Chocolate Caramel Day

The union of chocolate and caramel is arguably one of the greatest flavor combinations ever conceived by man. These two ingredients appear in countless candy bars, ice cream flavors, confections, and desserts.

The History of Caramel
Caramel is an American confection. As early as the seventeenth century, American women were using caramelized sugar and water to make candies. The candy made from caramelized sugar and water was, of course, hard. But the hardness was considered a good thing. It was very inexpensive to produce. It was easily transported, and it wasn't necessary to handle it with care. Best of all, it had a very long shelf life.
Somewhere around 1850, it was discovered that by adding milk and fat products to this cooked sugar mixture, a sweet chewy confection was produced, and it was quickly named 'caramel.' Caramel was an instant hit, and it got more and more popular.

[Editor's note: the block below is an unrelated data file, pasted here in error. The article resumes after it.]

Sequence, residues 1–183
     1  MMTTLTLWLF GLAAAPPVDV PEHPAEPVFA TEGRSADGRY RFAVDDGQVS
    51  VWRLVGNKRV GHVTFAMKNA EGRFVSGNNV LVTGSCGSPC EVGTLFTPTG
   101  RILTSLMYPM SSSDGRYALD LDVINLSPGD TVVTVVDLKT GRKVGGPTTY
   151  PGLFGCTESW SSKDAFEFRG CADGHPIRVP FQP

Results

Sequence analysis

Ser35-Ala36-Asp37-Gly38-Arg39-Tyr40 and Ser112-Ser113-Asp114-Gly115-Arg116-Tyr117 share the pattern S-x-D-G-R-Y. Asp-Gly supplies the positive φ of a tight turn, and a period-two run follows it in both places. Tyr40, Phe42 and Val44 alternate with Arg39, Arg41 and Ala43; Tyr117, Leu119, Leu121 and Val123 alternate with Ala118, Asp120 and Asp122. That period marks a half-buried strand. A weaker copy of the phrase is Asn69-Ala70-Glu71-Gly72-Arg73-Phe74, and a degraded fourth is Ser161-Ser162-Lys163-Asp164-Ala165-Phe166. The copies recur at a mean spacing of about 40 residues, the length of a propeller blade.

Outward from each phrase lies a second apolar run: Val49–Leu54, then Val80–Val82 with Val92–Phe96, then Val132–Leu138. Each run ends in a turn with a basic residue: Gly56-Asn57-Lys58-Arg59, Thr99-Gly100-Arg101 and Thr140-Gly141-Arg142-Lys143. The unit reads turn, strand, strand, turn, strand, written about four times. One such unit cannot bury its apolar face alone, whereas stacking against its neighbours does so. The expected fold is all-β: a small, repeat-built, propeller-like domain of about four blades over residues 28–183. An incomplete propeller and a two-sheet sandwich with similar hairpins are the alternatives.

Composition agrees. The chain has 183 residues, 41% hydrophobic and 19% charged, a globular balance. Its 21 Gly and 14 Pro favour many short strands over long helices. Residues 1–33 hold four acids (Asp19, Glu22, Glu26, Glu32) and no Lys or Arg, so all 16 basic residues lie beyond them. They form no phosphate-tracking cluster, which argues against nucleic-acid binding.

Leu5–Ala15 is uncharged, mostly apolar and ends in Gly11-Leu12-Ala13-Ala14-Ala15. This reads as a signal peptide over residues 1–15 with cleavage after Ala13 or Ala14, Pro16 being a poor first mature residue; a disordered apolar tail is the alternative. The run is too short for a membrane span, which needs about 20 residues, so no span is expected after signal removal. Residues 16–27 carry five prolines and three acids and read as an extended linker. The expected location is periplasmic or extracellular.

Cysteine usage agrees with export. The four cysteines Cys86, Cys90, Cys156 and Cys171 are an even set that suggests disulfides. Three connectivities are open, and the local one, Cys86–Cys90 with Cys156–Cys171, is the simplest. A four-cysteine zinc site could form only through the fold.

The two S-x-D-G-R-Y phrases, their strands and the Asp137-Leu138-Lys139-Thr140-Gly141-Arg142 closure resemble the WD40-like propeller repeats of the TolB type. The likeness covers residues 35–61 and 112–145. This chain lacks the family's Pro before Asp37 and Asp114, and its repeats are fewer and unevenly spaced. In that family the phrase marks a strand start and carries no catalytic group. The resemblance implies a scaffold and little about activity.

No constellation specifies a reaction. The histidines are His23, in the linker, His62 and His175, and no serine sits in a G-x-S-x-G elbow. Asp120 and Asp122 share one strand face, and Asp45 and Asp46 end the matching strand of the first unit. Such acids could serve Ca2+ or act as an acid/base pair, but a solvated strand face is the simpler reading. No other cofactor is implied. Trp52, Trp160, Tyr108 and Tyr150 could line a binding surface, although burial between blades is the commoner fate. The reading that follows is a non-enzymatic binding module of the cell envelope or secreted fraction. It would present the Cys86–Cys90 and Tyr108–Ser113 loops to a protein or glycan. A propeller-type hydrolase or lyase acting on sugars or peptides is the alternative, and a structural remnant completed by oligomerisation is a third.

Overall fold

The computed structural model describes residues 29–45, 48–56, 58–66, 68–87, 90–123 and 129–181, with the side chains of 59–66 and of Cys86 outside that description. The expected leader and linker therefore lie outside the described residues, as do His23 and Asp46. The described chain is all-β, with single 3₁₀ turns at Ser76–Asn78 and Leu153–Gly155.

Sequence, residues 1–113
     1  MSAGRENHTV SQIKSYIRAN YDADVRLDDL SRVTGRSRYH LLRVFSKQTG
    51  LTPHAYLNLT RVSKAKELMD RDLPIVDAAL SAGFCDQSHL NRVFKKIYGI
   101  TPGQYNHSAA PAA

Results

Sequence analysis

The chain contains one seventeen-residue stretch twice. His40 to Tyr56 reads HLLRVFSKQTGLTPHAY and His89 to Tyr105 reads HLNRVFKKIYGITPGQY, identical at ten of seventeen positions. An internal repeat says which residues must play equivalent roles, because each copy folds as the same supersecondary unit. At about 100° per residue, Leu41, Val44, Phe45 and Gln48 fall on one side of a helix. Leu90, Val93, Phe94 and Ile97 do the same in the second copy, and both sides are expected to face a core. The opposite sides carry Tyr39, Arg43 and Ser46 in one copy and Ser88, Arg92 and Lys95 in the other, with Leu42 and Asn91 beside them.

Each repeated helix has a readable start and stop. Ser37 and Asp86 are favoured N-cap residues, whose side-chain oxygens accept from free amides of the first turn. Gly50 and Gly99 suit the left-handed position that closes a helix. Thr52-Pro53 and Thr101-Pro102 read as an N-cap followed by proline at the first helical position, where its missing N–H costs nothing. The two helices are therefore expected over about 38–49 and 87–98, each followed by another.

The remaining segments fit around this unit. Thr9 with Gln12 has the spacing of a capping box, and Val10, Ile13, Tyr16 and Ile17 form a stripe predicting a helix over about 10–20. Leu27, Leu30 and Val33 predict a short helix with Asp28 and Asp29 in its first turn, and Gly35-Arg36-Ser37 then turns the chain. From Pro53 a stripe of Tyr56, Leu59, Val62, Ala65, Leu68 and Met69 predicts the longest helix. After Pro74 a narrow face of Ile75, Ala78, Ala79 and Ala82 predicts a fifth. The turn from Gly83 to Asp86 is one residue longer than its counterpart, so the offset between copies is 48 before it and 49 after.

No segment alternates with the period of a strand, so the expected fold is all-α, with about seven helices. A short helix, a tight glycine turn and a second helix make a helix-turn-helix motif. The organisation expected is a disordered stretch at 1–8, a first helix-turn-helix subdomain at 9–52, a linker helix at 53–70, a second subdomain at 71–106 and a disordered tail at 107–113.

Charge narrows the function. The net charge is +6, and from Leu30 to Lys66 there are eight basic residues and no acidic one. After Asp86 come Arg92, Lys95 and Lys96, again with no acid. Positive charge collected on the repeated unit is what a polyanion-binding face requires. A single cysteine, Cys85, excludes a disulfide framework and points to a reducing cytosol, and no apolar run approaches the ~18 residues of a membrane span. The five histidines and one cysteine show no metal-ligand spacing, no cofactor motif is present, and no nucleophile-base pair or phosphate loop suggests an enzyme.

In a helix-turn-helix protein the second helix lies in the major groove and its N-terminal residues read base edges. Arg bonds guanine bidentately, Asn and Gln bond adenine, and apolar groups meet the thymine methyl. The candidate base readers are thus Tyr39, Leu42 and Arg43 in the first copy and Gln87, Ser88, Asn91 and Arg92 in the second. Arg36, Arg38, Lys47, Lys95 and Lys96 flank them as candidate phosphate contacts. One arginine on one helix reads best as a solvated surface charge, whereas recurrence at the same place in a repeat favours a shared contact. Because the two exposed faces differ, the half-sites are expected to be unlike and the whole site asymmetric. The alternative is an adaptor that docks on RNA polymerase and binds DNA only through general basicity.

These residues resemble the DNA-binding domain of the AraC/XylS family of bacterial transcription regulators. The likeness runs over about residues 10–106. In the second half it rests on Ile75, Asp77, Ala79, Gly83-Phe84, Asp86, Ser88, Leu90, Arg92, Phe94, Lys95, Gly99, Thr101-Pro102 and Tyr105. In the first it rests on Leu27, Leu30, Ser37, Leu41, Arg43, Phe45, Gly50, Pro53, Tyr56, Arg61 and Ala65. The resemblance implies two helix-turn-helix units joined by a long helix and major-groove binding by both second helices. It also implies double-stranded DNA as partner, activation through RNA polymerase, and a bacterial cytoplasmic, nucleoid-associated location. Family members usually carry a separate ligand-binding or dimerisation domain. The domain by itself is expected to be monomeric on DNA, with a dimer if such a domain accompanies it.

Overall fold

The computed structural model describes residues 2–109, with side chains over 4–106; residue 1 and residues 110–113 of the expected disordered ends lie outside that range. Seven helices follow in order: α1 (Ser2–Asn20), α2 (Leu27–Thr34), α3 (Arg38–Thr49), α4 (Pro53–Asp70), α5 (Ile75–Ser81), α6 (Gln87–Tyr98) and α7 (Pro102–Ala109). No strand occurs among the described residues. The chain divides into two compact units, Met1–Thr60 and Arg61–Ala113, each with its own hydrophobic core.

Milton Hershey, the famous chocolate manufacturer, first entered the candymaking business at the Lancaster Caramel Company, which had been started in the late 1800s. It was because of his desire to improve on the caramel candies that he found the German-built machinery to manufacture chocolate.

Hershey's first intention was to cover his caramel candy in chocolate. He did succeed at that, but then he became so fascinated with chocolate that he sold his caramel company for an unheard-of sum of $1 million and used the money to found his chocolate company.

American caramel became a hit worldwide but, sadly, as with many good things, the desire for more and more profits caused manufacturers to decrease the quality of the ingredients. Quality dropped at about the same rate as price. It wasn't long before caramel, which had been a favorite of confectioners, was looked down on and considered a 'cheap' ingredient that was unworthy of use.

In the last couple of decades, some of the smaller manufacturers returned to basics and started using high-quality ingredients in caramel. Caramel has been returned to the good favor (and flavor) of confectioners everywhere.